Teaching in WGS
As I tell my WMNS 101: Intro to Women’s and Gender Studies students, I love to teach this course because it invites us to place concepts of gender and sexuality in dialogue with our daily lives, our histories, and our future plans. In fact, my students often share that they connect ideas from our class to their other courses, the media they view, and conversations they have with friends and family. To me, this is the best kind of learning—learning that reaches beyond the classroom to change how we view the world around us.
The conversations we have in WMNS 101 are enlivened by students who represent a range of academic and experiential backgrounds. In both the course’s design and its student population, WMNS 101 is truly interdisciplinary. This means we not only study topics like women’s suffrage and political participation, body image, and health and reproduction from a range of academic perspectives, but that students bring insights from their majors and experiences to bear on these issues. Because we are learning not just about a set of abstract ideas, but about our very identities, my 101 students become a community, connecting with and extending one another’s ideas and experiences. We all leave the experience richer for the learning we do together.
Research in WGS
My most recent research focuses on contemporary women’s rhetoric that extends the availability and reach of rhetoric; addresses new political and civic issues of concern to women; and explores changing conceptions of gender. In the forthcoming anthology, co-edited with UNL alum Charlotte Hogg (TCU), Persuasive Acts: Women’s Rhetorical Acts in the Twenty-first Century, we feature the words, images, and embodied acts of women ranging from public figures like Sonia Sotomayor, Malala Yousafzai, Lindy West and Michelle Obama to everyday social media users. These use new technologies, and repurpose old ones, to persuade, to tell their stories, to sponsor change, and to challenge cultural forces that repress and oppress. My article “‘Tweet Me Your First Assaults’: Writing Shame and the Rhetorical Work of #NotOkay” similarly traces the rhetorical force of a Twitter hashtag that challenges how shame is ascribed to survivors of sexual harassment and assault and insists on the urgent need to transform a culture that blames women for the abuse they endure. Across the body of my research, I seek to bring forward voices that have been unheard or silenced, insisting that they have much to teach us about the need for cultural change.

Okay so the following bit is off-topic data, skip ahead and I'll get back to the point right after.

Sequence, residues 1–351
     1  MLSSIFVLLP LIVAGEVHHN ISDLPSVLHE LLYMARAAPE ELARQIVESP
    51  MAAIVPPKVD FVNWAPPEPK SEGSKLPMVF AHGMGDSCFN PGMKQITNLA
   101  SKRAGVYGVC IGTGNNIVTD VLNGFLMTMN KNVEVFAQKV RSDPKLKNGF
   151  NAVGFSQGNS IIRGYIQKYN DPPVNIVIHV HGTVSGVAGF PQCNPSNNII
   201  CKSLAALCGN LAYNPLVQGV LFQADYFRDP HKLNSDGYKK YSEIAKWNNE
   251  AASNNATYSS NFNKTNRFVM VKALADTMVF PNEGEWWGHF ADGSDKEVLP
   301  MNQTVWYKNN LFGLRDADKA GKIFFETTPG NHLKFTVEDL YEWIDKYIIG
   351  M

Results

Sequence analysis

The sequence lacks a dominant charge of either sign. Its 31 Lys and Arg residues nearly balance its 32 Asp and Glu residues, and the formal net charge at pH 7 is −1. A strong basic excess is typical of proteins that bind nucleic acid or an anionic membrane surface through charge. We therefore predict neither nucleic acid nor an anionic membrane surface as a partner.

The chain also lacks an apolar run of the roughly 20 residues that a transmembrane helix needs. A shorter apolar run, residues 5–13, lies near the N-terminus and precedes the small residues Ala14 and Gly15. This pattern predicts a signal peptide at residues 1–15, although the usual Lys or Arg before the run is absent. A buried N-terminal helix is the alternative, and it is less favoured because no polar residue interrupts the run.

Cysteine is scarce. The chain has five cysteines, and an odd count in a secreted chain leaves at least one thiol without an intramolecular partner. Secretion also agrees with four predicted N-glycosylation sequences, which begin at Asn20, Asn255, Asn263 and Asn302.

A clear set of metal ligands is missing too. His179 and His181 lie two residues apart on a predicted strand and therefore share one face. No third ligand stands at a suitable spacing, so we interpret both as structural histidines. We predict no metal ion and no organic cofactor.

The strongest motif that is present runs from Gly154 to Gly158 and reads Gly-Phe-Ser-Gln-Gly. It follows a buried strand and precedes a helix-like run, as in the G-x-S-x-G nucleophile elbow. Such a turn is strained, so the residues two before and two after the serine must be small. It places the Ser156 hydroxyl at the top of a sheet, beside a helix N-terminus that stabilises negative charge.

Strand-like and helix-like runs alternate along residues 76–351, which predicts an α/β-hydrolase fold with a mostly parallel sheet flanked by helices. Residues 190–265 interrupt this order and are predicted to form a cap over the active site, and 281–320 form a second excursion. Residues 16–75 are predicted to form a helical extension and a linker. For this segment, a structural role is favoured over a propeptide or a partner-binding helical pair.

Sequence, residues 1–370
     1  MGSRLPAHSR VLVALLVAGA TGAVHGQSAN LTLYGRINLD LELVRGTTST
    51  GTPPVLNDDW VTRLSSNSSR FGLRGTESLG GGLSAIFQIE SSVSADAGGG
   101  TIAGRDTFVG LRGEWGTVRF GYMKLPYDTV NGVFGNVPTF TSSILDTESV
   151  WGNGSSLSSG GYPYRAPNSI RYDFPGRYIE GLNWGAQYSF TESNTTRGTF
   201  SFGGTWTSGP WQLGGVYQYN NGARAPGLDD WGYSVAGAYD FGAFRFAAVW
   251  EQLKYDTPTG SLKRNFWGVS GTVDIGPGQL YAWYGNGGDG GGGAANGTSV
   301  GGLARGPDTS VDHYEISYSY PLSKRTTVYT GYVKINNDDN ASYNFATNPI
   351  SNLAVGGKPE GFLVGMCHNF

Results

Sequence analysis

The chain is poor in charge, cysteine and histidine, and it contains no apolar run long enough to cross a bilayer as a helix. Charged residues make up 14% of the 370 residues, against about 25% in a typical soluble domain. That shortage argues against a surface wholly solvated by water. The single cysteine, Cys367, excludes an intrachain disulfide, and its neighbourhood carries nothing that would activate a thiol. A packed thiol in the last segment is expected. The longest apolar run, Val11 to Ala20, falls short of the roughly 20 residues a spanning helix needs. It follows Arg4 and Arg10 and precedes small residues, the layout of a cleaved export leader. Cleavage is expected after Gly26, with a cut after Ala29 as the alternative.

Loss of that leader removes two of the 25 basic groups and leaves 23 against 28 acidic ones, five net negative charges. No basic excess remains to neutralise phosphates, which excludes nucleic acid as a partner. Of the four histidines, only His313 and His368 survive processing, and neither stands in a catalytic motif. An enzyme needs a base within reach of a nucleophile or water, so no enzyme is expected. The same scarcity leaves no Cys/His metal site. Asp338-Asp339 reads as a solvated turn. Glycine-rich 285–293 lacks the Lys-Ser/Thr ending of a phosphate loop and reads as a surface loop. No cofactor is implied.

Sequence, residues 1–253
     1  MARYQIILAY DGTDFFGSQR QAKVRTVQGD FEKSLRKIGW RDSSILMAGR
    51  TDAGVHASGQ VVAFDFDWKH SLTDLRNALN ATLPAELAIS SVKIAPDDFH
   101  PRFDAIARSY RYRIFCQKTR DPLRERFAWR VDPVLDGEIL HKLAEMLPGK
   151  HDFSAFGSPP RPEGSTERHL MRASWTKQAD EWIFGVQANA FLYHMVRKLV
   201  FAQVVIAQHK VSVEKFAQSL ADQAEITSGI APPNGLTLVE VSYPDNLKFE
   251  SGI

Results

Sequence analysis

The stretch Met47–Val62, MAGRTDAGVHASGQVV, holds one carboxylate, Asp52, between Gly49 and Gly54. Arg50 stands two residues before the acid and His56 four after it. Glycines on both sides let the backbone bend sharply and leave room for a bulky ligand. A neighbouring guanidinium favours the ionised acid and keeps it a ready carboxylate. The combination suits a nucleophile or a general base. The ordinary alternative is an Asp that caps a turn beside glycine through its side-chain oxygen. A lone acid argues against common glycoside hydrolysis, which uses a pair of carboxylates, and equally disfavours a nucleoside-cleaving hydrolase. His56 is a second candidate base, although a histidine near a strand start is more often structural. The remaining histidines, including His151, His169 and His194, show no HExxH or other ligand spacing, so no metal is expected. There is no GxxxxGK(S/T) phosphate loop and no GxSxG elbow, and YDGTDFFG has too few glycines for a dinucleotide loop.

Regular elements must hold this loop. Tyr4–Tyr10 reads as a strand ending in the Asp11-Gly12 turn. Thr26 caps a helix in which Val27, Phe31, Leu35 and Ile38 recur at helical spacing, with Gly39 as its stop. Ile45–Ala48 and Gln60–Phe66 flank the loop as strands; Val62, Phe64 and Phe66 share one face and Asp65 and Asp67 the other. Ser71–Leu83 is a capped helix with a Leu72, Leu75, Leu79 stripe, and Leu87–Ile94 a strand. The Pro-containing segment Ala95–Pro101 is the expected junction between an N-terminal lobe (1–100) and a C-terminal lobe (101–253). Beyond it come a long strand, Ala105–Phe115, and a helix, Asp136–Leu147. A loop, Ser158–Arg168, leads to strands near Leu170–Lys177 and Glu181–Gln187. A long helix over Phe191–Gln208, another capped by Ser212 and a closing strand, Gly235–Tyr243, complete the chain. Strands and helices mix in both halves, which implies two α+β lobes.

WMNS 101: Introduction to Women’s and Gender Studies
ENGL/WMNS 475 and 875: Rhetoric of Women Writers
ENGL 973: Pedagogies and Difference
Persuasive Acts: Women’s Rhetoric in the Twenty-First Century, University of Pittsburgh Press, forthcoming 2020. Co-edited with Charlotte Hogg.
Repurposing Composition; Feminist Interventions for a Neoliberal Age, Utah State University Press, 2015.
Composition Studies Through a Feminist Lens. Parlor Press, 2013.
“Disrupting Diversity Management: Toward a Difference-Driven Pedagogy.” Pedagogy: Critical Approaches to Teaching Literature, Language, Composition and Culture. Forthcoming, 2020. Co-authored with Adam Hubrig, Jessica Masterson, Stevie Seibert-Desjarlais, and Brita Theilan.
“‘Tweet Me Your First Assaults’: Writing Shame and the Rhetorical Work of #NotOkay.” Rhetoric Society Quarterly. 48.2 (2018): 119‐138. *Selected to be included in the collection Best of Journals in Rhetoric and Composition 2019.
“Cultivating Listening: Teaching from a Restored Logos.” Silence and Listening as Rhetorical Arts. Eds. Krista Ratcliffe and Cheryl Glenn. Southern Illinois University Press, 2011.
“Teaching and (Re)Learning the Rhetoric of Emotion.” Pedagogy: Critical Approaches to Teaching Literature, Language, Composition and Culture. 11.2 (2011): 349-370.
“Chaos is the Poetry: Teacher Development, Service-Learning, and Disorder.” College Composition and Communication. 60.4 (2009): 683-706. (Co‐authored with Darby Arant Whealy)
“Making Room for New Subjects: Feminist Interruptions of Critical Teaching.” In Teaching Rhetorica: Theory, Pedagogy, Practice. Eds. Kate Ronald and Joy Ritchie. Boynton/Cook, 2006.
“Embodied Subjects, Embodied Knowledges: Re-thinking the Mind/Body Split” Composition Studies. 30.2 (Fall 2002): 43-60.
Hazel R. McClymont Distinguished Teaching Fellow Award, College of Arts and Sciences, 2015
College of Arts and Sciences Distinguished Teaching Award, 2014
Grant for the Scholarship of Teaching and Learning, Academic Affairs (with Deborah Minter)